Nanoscale electrochemistry grants us a distinctive capability to understand the interfacial charge transfer processes with exceptional precision, creating enormous opportunities in catalysis, sensing, and energy storage. We develop nanometer-sized electrochemical probes and high–resolution electrochemical microscopy to characterize the chemical transformation at solid/electrolyte interfaces with the aid of modeling and simulations.
Van der Waals Materials for Catalysis
Van der Waals (vdW) heterostructures constructed through assembly of atomically thin two-dimensional (2D) layers have created rich opportunities for tuning the physical behaviors of materials as well as their interfacial chemical reactivities. We aim to engineer new types of 2D vdW constructs and investigate how vdW catalysts modulate the dynamics of energy conversion chemistry. Scanning probe methods coupled with optical and electronic characterization are used as the essential tools for these studies.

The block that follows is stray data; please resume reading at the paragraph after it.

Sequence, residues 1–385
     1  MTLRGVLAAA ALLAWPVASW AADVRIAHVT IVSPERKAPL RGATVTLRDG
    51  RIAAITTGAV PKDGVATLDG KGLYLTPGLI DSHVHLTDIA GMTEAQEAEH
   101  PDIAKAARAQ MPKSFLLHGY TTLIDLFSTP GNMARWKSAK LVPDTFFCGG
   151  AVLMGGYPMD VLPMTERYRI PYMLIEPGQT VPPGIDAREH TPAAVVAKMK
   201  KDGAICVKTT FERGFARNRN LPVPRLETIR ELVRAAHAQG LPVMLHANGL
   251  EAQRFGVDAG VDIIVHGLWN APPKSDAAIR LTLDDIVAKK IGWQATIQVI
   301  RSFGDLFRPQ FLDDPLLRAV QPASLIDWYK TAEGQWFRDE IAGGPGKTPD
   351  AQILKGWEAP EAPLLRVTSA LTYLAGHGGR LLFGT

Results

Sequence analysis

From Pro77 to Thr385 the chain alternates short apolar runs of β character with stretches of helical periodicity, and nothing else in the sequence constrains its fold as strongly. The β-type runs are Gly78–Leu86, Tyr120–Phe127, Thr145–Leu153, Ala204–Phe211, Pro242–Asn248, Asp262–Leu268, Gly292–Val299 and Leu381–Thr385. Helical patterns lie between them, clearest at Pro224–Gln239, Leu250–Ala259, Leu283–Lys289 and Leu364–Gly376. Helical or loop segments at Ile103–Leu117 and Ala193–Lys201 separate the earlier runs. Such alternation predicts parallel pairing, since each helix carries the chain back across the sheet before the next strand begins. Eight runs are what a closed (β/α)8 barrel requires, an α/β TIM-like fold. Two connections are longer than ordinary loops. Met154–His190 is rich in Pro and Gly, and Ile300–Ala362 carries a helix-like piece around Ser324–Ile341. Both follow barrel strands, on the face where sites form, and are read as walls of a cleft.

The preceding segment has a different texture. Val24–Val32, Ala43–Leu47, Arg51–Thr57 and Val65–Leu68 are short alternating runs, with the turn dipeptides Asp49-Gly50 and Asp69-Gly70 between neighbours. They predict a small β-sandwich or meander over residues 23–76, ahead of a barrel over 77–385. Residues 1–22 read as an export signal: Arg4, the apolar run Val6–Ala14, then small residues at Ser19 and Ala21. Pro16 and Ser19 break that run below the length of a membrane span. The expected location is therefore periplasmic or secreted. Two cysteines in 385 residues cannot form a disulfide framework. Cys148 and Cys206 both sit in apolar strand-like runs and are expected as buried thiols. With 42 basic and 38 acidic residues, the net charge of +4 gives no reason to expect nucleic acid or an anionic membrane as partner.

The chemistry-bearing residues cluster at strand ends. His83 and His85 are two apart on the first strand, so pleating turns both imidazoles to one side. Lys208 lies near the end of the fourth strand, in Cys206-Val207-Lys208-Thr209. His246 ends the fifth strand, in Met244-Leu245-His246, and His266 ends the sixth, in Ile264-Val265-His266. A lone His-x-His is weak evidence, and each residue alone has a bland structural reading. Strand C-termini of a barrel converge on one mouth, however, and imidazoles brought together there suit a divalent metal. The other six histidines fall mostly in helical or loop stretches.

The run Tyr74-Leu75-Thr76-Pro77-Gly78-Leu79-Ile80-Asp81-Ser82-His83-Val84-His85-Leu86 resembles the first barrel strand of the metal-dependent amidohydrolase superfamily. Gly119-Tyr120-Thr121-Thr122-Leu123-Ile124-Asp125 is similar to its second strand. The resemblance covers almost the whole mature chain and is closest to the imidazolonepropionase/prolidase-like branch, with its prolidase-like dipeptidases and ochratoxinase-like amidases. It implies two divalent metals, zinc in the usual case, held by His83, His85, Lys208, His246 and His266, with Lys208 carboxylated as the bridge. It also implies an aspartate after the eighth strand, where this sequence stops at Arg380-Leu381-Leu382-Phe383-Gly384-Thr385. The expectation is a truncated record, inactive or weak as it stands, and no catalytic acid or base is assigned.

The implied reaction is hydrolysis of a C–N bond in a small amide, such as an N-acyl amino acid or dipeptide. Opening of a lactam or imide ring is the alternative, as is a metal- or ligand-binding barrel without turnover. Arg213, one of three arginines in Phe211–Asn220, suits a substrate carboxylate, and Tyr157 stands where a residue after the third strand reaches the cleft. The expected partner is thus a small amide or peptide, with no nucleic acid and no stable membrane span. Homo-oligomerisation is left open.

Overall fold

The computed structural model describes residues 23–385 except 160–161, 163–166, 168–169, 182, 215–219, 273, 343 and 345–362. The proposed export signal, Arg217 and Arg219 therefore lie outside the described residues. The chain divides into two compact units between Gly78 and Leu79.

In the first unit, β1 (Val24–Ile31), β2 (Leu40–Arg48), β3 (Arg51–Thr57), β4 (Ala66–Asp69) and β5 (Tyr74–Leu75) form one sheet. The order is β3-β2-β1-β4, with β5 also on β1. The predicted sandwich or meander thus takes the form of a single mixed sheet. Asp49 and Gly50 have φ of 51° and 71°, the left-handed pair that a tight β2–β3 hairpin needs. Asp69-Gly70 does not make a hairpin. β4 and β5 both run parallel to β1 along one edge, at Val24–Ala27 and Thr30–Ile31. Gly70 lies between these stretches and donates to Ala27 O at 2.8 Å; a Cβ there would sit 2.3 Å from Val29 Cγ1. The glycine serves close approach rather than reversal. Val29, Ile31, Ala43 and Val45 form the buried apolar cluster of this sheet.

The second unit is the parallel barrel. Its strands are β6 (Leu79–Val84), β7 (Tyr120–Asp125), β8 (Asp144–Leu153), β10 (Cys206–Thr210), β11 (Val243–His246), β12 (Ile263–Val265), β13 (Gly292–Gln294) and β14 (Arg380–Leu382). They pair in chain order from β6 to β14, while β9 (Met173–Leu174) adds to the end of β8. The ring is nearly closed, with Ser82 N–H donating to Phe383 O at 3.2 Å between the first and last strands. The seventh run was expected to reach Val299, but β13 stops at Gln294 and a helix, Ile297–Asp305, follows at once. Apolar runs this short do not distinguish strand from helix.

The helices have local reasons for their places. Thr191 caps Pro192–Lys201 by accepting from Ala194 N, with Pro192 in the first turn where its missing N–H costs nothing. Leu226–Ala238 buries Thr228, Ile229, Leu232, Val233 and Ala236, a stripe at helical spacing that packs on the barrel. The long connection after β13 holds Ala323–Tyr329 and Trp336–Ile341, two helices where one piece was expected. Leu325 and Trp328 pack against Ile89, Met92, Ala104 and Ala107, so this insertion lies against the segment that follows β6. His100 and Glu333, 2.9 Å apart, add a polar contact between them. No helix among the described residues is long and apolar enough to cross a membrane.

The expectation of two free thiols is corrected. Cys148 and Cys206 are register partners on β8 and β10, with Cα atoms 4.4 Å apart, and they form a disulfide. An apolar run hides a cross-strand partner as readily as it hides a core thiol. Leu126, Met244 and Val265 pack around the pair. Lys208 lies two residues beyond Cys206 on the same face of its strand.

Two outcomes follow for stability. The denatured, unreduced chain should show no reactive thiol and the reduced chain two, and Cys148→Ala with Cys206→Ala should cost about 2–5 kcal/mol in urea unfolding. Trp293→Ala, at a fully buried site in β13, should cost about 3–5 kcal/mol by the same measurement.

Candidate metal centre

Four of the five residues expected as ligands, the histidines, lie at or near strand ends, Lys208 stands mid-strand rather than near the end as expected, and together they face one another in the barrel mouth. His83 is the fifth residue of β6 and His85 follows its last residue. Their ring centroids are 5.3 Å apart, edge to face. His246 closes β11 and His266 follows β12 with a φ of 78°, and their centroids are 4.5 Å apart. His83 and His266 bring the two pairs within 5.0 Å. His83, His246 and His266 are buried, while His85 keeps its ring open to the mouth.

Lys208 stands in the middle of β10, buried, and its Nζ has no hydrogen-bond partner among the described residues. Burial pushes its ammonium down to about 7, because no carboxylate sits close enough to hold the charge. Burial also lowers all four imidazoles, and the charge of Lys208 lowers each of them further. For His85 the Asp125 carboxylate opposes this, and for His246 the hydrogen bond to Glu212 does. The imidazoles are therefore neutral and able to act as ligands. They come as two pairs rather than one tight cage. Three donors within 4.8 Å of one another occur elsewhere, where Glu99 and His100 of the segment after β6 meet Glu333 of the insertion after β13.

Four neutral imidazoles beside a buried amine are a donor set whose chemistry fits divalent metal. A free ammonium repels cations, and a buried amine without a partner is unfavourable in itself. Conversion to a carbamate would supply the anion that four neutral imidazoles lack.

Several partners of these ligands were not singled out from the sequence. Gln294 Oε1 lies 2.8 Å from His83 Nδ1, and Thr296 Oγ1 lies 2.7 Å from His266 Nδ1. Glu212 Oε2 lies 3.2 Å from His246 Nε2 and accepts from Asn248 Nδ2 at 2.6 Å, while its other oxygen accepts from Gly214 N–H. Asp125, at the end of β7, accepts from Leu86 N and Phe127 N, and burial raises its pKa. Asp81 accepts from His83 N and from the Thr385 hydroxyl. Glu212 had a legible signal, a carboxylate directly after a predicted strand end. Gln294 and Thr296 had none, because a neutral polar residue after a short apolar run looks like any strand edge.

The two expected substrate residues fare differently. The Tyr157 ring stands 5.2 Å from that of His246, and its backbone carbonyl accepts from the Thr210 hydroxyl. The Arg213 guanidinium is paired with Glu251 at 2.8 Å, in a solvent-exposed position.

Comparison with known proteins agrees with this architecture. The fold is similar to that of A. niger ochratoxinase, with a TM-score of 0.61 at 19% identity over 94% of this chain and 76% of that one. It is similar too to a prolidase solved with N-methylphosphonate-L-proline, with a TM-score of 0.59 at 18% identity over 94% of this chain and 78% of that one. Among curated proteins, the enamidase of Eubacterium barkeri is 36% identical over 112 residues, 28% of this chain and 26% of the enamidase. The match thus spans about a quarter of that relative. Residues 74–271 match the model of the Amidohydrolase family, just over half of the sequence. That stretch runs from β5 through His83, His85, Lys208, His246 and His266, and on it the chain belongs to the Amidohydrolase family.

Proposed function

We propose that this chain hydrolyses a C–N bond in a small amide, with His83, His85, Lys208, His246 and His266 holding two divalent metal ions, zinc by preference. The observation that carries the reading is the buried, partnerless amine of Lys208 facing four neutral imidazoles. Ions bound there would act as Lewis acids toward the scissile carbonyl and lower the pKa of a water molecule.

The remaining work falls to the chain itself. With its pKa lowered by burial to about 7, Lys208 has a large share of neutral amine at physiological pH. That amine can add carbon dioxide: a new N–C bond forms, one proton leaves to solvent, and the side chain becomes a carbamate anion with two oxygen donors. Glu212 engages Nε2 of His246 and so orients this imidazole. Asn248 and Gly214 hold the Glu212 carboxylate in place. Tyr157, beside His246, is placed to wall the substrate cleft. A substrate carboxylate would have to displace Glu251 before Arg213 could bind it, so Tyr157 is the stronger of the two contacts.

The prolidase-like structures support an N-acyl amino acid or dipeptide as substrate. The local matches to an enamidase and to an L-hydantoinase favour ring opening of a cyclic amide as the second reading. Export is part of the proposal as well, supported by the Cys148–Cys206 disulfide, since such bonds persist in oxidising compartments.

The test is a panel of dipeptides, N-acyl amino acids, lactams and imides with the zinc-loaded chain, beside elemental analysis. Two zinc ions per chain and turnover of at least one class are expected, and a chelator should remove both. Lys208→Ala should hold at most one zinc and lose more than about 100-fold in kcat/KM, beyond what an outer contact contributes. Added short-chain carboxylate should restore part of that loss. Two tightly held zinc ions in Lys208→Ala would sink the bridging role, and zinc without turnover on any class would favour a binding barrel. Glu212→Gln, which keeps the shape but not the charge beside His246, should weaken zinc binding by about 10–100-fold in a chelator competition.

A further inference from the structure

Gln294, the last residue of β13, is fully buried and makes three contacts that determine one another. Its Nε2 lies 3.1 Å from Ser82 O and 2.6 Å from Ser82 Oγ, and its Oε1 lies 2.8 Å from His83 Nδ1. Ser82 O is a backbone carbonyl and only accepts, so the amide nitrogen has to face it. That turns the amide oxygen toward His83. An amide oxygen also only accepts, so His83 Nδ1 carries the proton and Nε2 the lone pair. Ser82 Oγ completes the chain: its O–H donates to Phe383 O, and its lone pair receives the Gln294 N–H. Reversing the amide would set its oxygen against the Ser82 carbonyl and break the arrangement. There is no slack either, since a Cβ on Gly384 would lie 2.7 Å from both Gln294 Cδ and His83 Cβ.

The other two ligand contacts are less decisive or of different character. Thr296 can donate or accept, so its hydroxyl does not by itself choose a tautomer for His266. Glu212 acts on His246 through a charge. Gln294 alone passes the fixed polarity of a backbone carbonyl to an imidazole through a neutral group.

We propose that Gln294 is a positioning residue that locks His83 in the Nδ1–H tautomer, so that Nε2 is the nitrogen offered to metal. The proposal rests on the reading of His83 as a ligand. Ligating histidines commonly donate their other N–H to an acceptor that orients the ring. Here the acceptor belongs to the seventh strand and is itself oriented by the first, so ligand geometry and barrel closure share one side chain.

Noble metal nanoparticles are evolving as a new class of photocatalysts due to their efficient light harvesting ability via localized surface plasmon resonance (LSPR). The hot carriers generated through non-radiative decay of surface plasmon facilitate efficient interfacial photochemical reactions. We aim to explore the strategy of integrating plasmonic nanoparticles and semiconductor thin films to enhance the photochemical efficiency via tailoring the band alignment, light absorption, and surface reactivity of the hybrid structures.